I recently asked Linda Mappes and Lorraine Graney, two good friends of Capital Region Living Magazine and book club buddies, who have Polish lineage, to teach me about making pierogi. I also wanted “the color.” I wanted them to tell of their memories of preparing pierogi for the holidays. When we all gathered at Linda’s house, we jumped right in and revived ourselves from a long work day with rich ingredients and even richer memories.
The house smelled delicious quickly into the evening. It was like a flashback to a time when food cooked slowly and ingredients were the freshest. Linda had prepared the dough and a couple of the traditional fillings from her family while Lorraine came in with prepared pierogi. She had dutifully spent her Sunday making them to tweak her skills before sharing the following day.
While rolling dough, Linda shared a funny story about a night before Christmas when she and her mom had a late start to their annual labors of love, making the holiday pierogi. It was 10pm and they had a couple glasses of wine, as we were doing and as we recommend to everyone when they can. By 1 am, they were struggling in trying to get the dough rolled out; they decided to start throwing it back and forth and were laughing hysterically. Linda’s dad came in shaking his head and thinking, these girls are crazy, and probably hoping the pierogi would still be as fantastic as usual.
It is always fond memories like these that add an essential element to cooking. I love to cook but especially when stories are shared and friendship is taken to a new level by the sharing. I felt I was in that kitchen with Linda and her mom that Christmas Eve and was certain that those tipsy pierogi were great!
In doing some research, I learned from TastingPoland.com that the Polish word pierogi is plural. Its singular equivalent, pieróg is not used. It is so because of a size of the dumpling—pierogi are always served two or usually more. An English word “pierogies” is supposed to underline the “plurality” but such a form is rather inappropriate, so I decided not to use it in this article even though many of us have been saying in incorrectly (but we know now).
Again, TastingPoland.com states that pierogi are made of thinly rolled dough with various fillings. A large number of filling types makes this Polish food a snack, spicy first course or even a dessert.
The most traditional fillings we know are: potatoes, cheese, sauerkraut and mushrooms. A vegetarian variant of pierogi made from mushrooms and a cabbage is dished up during the Christmas Eve dinner (according to the Polish tradition, food must be meatless that day). Other kinds of pierogi particularly popular during the summer are sweet pierogi. Seasonal fruits are used as a filling—mainly blueberries or strawberries. Pierogi filled with a specially prepared sweetened Polish curd cheese (called a white cheese by the Poles) also is very delicious and popular.
Honestly, pierogi is one of those foods that you really can’t have too many cooks in the kitchen. There are just so many steps to the recipes. First is the dough, which is not complicated but does need to rest before rolling. After rolling you then cut, fill and seal. Next the little scrumptious pillows need to be boiled and/or fried. Many hands and chatter in the kitchen make for short work of it all.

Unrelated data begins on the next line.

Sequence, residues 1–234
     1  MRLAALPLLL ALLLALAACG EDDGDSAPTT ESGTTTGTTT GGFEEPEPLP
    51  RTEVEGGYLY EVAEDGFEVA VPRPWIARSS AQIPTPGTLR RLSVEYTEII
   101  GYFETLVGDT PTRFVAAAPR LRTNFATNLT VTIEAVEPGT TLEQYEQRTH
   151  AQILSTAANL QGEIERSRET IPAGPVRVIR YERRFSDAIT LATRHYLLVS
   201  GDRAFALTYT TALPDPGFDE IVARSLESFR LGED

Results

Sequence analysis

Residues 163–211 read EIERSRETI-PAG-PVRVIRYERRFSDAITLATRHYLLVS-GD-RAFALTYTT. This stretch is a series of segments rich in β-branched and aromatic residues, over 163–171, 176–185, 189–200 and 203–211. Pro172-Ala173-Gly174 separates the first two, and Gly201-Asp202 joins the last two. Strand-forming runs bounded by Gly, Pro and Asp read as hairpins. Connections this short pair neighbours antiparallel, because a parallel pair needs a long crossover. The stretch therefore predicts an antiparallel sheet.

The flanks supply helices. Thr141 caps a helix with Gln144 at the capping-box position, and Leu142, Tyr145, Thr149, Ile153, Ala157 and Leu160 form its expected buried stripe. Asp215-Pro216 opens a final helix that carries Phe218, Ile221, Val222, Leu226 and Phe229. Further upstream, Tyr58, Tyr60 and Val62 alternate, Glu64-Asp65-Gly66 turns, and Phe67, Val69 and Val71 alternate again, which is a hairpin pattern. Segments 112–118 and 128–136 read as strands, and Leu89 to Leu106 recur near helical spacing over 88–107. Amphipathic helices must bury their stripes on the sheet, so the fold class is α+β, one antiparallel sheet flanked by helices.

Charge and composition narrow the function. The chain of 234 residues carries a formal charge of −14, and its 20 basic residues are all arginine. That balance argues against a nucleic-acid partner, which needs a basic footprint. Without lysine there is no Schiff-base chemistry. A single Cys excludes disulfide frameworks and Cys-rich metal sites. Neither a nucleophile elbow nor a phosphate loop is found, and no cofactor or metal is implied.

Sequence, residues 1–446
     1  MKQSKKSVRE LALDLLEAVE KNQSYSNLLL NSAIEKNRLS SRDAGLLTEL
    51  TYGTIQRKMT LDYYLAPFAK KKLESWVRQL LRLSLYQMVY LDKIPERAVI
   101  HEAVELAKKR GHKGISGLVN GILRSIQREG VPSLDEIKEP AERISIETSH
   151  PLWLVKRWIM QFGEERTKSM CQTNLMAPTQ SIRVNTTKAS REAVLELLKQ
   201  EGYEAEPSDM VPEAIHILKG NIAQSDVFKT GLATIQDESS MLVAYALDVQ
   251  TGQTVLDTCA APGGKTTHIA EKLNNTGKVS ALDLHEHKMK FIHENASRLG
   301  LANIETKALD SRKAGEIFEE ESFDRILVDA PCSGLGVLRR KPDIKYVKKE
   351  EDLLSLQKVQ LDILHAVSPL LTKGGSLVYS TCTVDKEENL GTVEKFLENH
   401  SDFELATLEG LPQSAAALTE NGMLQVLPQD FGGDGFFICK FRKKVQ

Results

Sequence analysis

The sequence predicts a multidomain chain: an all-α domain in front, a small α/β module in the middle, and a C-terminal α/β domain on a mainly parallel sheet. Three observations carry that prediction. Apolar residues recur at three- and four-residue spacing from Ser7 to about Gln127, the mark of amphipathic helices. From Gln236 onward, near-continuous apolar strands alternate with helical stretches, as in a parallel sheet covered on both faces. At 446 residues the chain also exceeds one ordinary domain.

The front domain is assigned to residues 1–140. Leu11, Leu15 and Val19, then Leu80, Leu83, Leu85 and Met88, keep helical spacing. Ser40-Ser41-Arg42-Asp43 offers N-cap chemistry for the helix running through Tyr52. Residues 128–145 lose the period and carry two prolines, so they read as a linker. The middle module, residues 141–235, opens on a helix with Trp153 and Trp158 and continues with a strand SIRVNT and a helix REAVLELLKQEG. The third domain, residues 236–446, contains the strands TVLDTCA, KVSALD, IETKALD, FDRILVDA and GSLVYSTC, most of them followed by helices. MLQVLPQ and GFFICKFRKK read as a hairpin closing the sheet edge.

As I know, this seems very time consuming but the end product is so worth your time, even after a long day at work. Getting together with friends to laugh, cook and reminisce could be the master ingredient to a great slice of life!
Lorraine’s Family Pierogi Recipe
Makes about 1 1/2 dozen
• 2 cups flour
• 1/2 cup warm milk
• 1 whole egg and 1 egg yolk
• 2 tbls sour cream
• 1/2 tsp salt
• 1tsp butter
• Mix ingredients and knead into soft pliable dough. Let rest for 10 min. covered with a warm bowl.
• Divide dough in half and roll thin.
• Cut circles with large biscuit cutter
• Put a small spoonful of the filling a little to one side. Moisten the edge with water, fold it over and press/crimp the edge together. Seal it well or the filling will seep out during cooking.
• Drop the pierogi into salted, boiling water for about 5 minutes.
• Take out with slotted spoon. At this point you can serve warm with butter. ( I like to fry some onions in butter or bacon grease and pop the pierogi in until lightly browned – adds additional layer of yummy flavor; also a great way to reheat)
Sauerkraut and mushroom filling
• 2 cups of sauerkraut
• 1 cup chopped mushrooms
• 1 small onion, chopped fine
• Salt and pepper
• 1 tbls sour cream
• tbs apple cider vinegar
• Cook the sauerkraut about 15 minutes, drain it and chop it up fine. Fry the onion and mushrooms in butter, add sauerkraut and fry until the flavors are blended. Let it cool before filling.
Linda’s Pierogi Fillings
(Start the day before you plan to serve.)
• 1 lb sauerkraut
• 1 cup dried split peas
• 1 small head cabbage, shredded
• 2 cups diced mushrooms
• Bacon or pork belly
• Salt and pepper to taste
• Soak split peas in water for several hours. Drain, return peas to pot and cover with water and simmer until tender.
• Drain and add salt and pepper to taste.
• Sauté mushrooms in 2 tbls butter until nicely brown.
• Cook cabbage in salt water until tender. Drain.
• In a large dutch oven melt 1 tbls butter; add ¼ pound bacon or pork belly and sauté to release the fat. Drain meat on paper towel and discard all but 1 tbls. fat.
• Over low heat, add cabbage, kraut, drained peas and mushrooms. Cover with 1 cup water and simmer until everything is tender and flavors are blended.
• Thicken with roux, if desired.
• 1 pkg dried apricots cut into chunks
• 1 cup water
• 2 tbls brown sugar
• ¼ cup brandy
• 1 tbls orange marmalade
• In a heavy duty sauce pan mix all ingredients and simmer until apricots are tender.
• Cool slightly.
• Add cinnamon or ginger if desired.